PRESIDENT BUSH and British Prime Minister Tony Blair -- the bold, if misguided, team who led the coalition to conquer and remake Iraq -- have a chance to reprise their pairing for a more popular mission.
The two are scheduled to meet in Washington today to discuss Mr. Blair's proposal for boosting financial aid to Africa to help nations on that troubled continent break the cycle of war, disease and poverty that impedes their economic development.
It's vital for Africa and perhaps for America as well that Mr. Bush extend to his coalition comrade enthusiastic support for the initiative to address what Mr. Blair calls "the fundamental moral challenge of our time."
U.S. officials are alarmed because Mr. Blair seems more focused on how to raise the money than on how it will be spent. The Bush administration has doubts about Africa's ability to absorb the $25 billion in additional aid Mr. Blair hopes to be able to promise at the Group of Eight summit of industrialized nations he's hosting in Scotland next month.
What's more, Mr. Bush is not eager to abandon the goals of the Millennium Challenge Account plan of 2002, which was designed to channel aid first to countries that passed a threshold of readiness by controlling corruption, establishing a free press and the rule of law, investing in health and education and encouraging trade and private investment.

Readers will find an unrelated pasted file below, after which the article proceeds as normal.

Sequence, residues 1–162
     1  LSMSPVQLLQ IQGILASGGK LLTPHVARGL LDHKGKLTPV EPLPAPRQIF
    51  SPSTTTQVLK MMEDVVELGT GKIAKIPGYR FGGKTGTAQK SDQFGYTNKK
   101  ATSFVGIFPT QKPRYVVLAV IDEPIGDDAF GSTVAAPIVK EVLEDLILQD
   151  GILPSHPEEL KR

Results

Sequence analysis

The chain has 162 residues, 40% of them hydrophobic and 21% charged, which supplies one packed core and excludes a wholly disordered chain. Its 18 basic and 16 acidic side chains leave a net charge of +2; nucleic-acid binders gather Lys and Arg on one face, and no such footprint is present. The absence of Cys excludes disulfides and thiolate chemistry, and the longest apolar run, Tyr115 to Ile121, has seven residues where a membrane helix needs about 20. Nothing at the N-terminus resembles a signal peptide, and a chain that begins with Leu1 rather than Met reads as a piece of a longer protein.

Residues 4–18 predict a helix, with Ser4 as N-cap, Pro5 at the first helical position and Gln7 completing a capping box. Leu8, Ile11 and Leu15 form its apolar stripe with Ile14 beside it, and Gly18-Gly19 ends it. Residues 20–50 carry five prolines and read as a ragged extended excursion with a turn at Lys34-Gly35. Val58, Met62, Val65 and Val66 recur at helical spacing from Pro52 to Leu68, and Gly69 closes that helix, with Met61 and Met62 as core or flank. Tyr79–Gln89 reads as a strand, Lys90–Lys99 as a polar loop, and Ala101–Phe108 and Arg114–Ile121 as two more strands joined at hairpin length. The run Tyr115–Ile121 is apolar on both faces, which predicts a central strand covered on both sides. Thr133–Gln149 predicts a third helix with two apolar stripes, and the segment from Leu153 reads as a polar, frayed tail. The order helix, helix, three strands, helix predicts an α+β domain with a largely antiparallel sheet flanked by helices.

But that program has so much red tape that only two countries have qualified so far for aid and none of the $2.5 billion approved by Congress has yet been dispersed.
So Mr. Bush and Mr. Blair ought to devise a means to combine their objectives in a program that offers quicker, more generous help with some mechanism to ensure that the aid is strategically applied and the money achieves what is intended.
At this juncture, Mr. Bush's firm commitment to the cause may be more important than the precise details, in part because such an effort really can't succeed without the backing of the United States, which is the world's largest aid donor -- though the amount is stingy compared with national income.
But also because this Africa aid plan offers the chance for the president and Mr. Blair to take the focus off their ill-conceived Iraq war and undertake instead a humanitarian campaign likely to earn them far more credit in the world community.
Perhaps the most selfish reason for Mr. Bush to sign on to some version of the Blair plan is national security. To whatever extent turmoil and despair in Africa can be replaced with stable democracies, the breeding grounds and sanctuaries for terrorism there will be eliminated.
The Bush-Blair team has spent hundreds of billions of dollars on the pretext of defeating potential enemies in Iraq. A few billion more carefully spent to upgrade the quality of life in Africa seems like a bargain.